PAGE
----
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Hometown


By stealth a city happens 

on the maps and in the annals.

First settlers gather

where a town’s born out of chance

and stays close to its river banks

until at last the traces of its genesis are gone – 

clay and wattle are exchanged for wood,

wood replaced by stone: the building blocks 

of castle tower, the chapel on ground 

once dedicated to pagan gods.   

Open spaces are colonised by those who build,

destroy and build again

their settlements and sanctuaries

between the cess pits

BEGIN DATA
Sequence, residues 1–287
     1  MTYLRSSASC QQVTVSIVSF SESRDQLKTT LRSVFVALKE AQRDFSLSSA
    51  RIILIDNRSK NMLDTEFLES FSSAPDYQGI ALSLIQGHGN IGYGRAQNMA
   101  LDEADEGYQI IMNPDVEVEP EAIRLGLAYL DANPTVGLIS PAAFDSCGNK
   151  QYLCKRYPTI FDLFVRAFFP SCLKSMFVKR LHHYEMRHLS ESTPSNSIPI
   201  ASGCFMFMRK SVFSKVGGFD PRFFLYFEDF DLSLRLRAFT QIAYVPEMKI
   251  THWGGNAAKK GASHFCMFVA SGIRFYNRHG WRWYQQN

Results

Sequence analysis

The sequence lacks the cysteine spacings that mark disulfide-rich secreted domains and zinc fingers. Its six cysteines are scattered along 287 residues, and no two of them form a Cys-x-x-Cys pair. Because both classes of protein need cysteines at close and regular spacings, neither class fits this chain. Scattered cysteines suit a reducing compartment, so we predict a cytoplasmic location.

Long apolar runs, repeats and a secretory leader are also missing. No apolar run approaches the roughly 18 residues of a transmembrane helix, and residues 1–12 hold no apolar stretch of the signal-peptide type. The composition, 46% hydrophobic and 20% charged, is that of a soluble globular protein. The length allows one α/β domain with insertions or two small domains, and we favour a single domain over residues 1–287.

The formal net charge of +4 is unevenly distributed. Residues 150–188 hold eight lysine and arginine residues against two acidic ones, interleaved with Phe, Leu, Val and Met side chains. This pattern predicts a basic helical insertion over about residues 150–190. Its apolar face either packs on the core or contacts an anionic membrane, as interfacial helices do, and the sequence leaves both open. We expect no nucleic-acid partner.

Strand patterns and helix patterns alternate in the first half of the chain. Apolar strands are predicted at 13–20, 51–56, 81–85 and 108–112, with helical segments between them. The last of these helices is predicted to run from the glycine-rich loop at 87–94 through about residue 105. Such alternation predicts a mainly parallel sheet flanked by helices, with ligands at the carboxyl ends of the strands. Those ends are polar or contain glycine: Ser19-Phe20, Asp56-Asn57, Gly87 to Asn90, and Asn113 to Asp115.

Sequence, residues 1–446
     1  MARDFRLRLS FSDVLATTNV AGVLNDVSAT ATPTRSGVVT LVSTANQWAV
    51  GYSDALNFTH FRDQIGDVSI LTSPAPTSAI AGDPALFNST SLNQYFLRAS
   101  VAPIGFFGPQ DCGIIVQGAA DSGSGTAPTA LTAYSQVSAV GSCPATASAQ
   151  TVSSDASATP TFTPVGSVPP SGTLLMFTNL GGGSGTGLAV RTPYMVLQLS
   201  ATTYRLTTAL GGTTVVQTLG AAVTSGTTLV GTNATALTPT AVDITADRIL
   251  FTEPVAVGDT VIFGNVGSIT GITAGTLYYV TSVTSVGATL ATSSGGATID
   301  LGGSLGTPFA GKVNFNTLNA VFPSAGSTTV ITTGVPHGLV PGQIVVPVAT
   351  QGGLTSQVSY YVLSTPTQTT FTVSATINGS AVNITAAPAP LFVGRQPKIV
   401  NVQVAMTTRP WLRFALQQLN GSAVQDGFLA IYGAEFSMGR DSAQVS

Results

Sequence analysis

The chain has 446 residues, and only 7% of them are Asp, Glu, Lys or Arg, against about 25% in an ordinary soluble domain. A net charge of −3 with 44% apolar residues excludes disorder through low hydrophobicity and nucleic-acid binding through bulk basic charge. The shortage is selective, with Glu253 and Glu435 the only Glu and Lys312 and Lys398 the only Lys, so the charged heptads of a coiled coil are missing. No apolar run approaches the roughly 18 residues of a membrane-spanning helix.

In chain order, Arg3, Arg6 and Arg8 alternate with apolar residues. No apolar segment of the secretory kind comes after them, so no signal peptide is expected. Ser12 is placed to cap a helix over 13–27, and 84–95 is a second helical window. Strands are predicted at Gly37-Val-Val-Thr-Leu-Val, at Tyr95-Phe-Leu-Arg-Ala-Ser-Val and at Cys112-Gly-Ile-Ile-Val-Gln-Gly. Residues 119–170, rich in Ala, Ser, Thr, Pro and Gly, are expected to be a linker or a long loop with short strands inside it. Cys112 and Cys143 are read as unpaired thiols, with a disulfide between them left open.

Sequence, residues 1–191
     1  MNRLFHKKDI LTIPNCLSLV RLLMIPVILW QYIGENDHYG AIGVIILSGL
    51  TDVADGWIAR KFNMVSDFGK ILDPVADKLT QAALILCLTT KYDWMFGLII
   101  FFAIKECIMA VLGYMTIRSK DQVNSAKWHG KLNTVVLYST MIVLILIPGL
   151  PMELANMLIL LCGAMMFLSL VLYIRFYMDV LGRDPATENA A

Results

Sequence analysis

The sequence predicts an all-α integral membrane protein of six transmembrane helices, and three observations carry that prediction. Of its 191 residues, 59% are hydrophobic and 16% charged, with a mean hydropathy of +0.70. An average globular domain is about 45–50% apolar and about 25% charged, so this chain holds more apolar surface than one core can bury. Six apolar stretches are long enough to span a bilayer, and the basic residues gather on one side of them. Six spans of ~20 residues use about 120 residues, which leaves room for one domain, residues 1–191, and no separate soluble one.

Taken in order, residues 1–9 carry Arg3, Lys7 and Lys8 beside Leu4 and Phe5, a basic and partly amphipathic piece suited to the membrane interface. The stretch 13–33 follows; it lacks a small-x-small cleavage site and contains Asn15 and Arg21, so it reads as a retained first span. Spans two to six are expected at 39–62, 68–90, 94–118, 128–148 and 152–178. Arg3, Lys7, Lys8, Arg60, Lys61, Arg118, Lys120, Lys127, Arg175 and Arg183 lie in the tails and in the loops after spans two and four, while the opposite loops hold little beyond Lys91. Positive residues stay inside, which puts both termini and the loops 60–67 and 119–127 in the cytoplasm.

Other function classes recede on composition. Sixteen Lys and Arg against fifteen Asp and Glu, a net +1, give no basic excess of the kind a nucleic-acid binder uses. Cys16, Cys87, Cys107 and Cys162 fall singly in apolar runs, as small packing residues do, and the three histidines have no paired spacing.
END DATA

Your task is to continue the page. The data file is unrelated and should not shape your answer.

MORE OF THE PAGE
and where the court of conscience sits. 

Their gates and fences cannot repel 

conqueror, neighbour, the carrier of plagues, 

or the music that makes young maids

learn their first dance-steps. 

There are laws and punishments, 

all for the common good.

The cartographer comes and sketches

the many angles and the rough edges,

the graveyards and ghettoes

that are barely distinguishable. 

He walks to the hillcrest to view the belfries

that one by one are heaven-sent.  

On his map he draws the routes that wander

further from their source – the heartland

of the city where things get lost 

for a thousand years: coins and combs, 

the imprint of a house not found 

until the city lights up its alphabet of neon.


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